Tempio di Vespasiano marked the end of the Palatine Hill. Behind the ruin, Palazzo del Senatore stands on Capitoline Hill. This building is now served as Capitoline Museum. At 6 pm, they announced that the Forum will be closed in 15 minutes!  And this annoying announcement was played every 5 minutes! Yeah yeah… we get it… Thank you! *sarcasm* We left the Forum via Campillo exit that closed at 6.15pm. There are actually several exit points throughout but it happened that we were close to Campillo one. This exit led us to the side of Il Vittoriano and Piazza Venezia. On the way up, we passed several old buildings and ruins. It was just amazing that after all these years, the Roman Forum still stands witnessing the world change.

Palazzo del Senatore back

The back side of Palazzo del Senatore (Capitoline Museum) that sits on Capitoline Hill

Palatine Hill exit

around Roman Forum

We also visited Trajan’s Column and took a snap in front of Santa Maria di Loreto church at Quirinal Hill, north of Roman Forum.

Quirinal Hill

Trajan’s Column and Santa Maria di Loreto church at Quirinal Hill

Since we arrived at exact time when Pantheon closed the day before, we decided to go there again on our way back to the apartment. A block prior reaching Pantheon, we stumbled upon an elephant obelisk in front of Santa Maria sopra Minerva church. The elephant was actually the work of Bernini, the famous Italian sculptor. Sound familiar? Remember Dan Brown’s Angel and Demon? Bernini is the creator of Ecstasy of Saint Teresa statue among his other remarkable works (including the Fontana dei Quattro Fiumi in Piazza Navona and St. Peter’s Baldachin – the high altar inside St. Peter’s Basilica!). Along the way, we saw interesting shops, such as a deli shop that hangs ham from the ceiling and a shop selling pastor outfits and ceremonial uniform. And Italians do love their moka coffee pot! There were some shops that specialize selling the coffee pots and accessories. Oh! And don’t forget the cute blue vespa taxi!

Elephant obelisk

Elephant obelisk in front of Santa Maria sopra Minerva

Pantheon area

Shops around Pantheon area

We arrived at Pantheon at about 6.20 pm! Yay! hahahah…. Since it’s free and not too crowded, we marched inside immediately.The most striking thing inside the Pantheon was the dome and its oculus. The material and its structure were meticulously planned that make Pantheon as one of the most preserved building in Rome. Pantheon was built as a temple to worship ancient Roman gods. Since the 7th century, it was converted into a Catholic church known as Santa Maria della Rotonda (St. Mary and the Martyrs). Pantheon also serves as tombs including the tomb of a famous Italian painter, Raphael.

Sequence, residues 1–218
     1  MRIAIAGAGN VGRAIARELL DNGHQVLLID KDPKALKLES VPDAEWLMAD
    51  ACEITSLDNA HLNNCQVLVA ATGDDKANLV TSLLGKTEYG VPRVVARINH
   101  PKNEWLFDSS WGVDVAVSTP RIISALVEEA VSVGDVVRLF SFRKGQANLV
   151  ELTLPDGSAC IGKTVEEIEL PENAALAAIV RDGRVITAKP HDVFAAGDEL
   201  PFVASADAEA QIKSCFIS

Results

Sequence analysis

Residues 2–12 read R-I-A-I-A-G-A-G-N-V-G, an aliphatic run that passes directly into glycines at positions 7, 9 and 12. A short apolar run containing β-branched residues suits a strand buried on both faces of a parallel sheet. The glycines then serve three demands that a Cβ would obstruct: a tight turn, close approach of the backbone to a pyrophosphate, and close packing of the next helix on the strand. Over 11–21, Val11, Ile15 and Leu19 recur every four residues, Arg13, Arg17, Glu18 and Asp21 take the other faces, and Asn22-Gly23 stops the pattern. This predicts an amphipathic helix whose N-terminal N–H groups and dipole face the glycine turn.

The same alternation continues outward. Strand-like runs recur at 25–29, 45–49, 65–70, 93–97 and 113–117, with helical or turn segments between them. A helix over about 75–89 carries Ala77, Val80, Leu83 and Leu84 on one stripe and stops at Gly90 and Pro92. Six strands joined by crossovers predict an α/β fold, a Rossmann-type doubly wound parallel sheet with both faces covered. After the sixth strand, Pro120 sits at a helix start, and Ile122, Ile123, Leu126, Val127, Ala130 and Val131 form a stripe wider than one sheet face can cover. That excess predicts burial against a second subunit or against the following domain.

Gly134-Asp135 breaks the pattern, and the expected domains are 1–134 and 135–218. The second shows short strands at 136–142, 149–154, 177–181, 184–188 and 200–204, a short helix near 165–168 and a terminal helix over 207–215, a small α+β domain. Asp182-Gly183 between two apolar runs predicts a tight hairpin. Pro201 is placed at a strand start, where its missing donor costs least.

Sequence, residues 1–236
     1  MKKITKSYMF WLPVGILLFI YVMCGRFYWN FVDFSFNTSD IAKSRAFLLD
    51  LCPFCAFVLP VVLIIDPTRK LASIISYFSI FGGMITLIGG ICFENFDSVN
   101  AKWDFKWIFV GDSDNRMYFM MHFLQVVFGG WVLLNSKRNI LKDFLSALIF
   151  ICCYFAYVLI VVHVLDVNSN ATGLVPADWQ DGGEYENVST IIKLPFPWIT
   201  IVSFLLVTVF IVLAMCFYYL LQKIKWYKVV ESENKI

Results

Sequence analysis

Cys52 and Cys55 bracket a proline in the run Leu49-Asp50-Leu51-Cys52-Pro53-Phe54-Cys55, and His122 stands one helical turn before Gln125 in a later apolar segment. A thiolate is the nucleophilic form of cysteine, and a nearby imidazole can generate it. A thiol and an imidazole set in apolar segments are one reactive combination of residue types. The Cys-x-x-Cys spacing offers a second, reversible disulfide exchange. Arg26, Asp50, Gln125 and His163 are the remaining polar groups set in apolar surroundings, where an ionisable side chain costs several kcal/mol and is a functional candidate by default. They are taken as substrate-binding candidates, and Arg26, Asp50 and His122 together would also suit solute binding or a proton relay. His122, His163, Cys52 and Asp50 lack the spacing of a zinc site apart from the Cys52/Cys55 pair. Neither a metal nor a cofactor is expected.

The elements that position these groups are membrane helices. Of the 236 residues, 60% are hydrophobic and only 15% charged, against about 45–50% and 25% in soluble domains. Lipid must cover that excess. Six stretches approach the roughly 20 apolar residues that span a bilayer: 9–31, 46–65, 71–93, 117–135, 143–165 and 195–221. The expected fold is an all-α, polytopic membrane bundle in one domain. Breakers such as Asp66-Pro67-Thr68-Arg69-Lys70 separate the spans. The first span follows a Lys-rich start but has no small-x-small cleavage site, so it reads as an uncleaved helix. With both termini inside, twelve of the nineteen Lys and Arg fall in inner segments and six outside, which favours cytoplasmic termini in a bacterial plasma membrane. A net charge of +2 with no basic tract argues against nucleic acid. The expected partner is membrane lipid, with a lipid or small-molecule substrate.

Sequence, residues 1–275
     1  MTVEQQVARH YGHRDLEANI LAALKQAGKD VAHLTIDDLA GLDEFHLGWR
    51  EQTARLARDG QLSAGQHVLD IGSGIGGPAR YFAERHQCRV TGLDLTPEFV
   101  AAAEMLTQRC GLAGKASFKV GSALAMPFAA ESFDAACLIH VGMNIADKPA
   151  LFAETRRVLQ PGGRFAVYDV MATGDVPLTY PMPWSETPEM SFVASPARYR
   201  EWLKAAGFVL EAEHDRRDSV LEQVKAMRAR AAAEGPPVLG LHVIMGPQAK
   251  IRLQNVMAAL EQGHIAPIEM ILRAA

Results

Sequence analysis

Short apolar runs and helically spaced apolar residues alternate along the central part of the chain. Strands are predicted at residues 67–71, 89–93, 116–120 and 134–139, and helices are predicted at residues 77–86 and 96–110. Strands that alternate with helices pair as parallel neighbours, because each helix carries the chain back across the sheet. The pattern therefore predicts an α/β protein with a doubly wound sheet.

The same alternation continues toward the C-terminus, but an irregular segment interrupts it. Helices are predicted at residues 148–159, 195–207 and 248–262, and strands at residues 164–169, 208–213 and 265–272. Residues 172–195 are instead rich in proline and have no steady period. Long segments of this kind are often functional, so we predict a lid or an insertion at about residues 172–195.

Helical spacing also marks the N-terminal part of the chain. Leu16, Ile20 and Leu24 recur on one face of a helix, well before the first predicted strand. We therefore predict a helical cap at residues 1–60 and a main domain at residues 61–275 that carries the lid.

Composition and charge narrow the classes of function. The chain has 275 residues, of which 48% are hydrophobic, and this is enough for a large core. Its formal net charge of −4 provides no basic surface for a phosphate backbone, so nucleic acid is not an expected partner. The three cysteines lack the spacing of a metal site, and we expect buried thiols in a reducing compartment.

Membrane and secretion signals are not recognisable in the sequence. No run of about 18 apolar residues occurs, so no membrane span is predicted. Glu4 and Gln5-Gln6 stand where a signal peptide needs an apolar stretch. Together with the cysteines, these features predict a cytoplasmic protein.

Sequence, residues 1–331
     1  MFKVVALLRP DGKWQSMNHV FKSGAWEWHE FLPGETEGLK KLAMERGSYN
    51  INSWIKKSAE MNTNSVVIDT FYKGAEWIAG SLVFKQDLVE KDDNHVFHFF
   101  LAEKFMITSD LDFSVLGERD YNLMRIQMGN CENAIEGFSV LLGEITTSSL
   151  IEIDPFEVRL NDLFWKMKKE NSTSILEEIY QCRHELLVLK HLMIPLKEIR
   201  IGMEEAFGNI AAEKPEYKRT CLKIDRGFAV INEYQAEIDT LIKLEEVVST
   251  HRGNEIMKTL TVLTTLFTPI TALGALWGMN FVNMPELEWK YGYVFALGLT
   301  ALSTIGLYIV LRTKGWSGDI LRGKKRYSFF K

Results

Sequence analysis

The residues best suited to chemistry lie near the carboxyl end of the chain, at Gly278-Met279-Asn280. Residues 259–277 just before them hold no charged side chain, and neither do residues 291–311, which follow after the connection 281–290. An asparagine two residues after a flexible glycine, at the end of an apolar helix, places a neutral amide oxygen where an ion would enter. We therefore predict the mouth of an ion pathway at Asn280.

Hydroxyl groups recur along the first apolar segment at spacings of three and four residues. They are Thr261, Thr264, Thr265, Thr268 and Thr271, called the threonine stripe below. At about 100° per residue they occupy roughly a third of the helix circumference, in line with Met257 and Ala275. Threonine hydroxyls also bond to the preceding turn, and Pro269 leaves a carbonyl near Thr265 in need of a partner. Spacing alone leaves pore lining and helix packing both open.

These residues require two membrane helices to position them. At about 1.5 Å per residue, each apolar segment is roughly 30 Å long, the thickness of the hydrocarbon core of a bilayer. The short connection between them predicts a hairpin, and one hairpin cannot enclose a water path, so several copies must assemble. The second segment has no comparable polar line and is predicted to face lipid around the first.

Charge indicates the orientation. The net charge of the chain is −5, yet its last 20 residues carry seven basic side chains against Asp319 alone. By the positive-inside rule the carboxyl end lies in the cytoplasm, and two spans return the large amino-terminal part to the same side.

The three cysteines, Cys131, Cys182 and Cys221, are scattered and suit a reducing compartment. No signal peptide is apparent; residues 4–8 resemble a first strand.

Fontana del Pantheon

Fontana del Pantheon

Pantheon night

Pantheon at Night

The interesting thing about Rome is that the city is very religious (the Vatican – the centre of Catholicism- is right in the middle of the city!). On the other hand, it also believes in paganism as a way to celebrate certain Roman culture. It’s very similar to a lot of Chinese descendants who believe in Christianity. Lots of them still celebrate Chinese new year and others Chinese traditions although some may contradict the Christianity belief. But hey, who can say no to money in the bright red pocket during Chinese new year! hahaha….

After resting for awhile at the apartment, we went out for dinner. We found a pizzeria near Piazza Navona with no cover charge. They offer a €10 combo for pasta/ pizza & drink & espresso. It was nothing special with the food. It was just an average tourist restaurant. We walked toward Pantheon to go to supermarket that we saw earlier but it was already closed. *Duh… we forgot that European people aren’t keen on opening their store so late at night heheheh…*

Since we had no idea where to go, we just walked following where the crowds were. We found Gelateria della Palma, a gelato shop with 150 flavors! They also sells unique candies and chocolates shaped as flower bouquets. I must confess, I haven’t told you that since we had Grom gelato on the day before up till that night, we already had 4 gelatos in between! hahaha… Yes… Italian gelato is nyumiiii…. By the time we were at Gelateria della Palma, I wasn’t really want to have another one.

Della Parma

Gelateria della Palma

Well… it didn’t last long! We walked couple blocks and found a bar / restaurant / gelato shop, Giolotti. From the front, this shop didn’t look like a gelato shop due to its old Italian-style restaurant. However, there were lots of people holding a cone of big scoops of gelato stood in front of this shop. So, yeah, I GOTTA HAVE ONE!!! I was surprised when I saw the price board: a small cone with 2 flavors is only for €2.50!!! We looked at the cooler to see what flavors were available and they were LOTS! So, me and my husband decided to share a small cone. Here, you need to pay for what you’re gonna get at the cashier first and then show the receipt to the server who will then scoop your favorite flavor. I chose Zabioni and Limoncello – just because it sounded weird hahaha… The server asked if I want crema (whipped cream) on top of my gelato. At first, it sounded weird but I said yes anyway. Believe me, you MUST have the crema!!! I don’t know how can they make such an airy and light whipped cream that complements the creamy-smooth texture of the gelato. The crema balanced off the sweetness of the gelato. It was just a heavenly combination in my mouth!  My recommendation is that everyone who visited Rome MUST TRY Giolitti!!! It was super good! It’s the BEST GELATO in the world – in my opinion. Ah… it was the perfect dessert to end the night. I slept happily and contented that night – I even forgot about my sharp pain on my ankle hahahaa…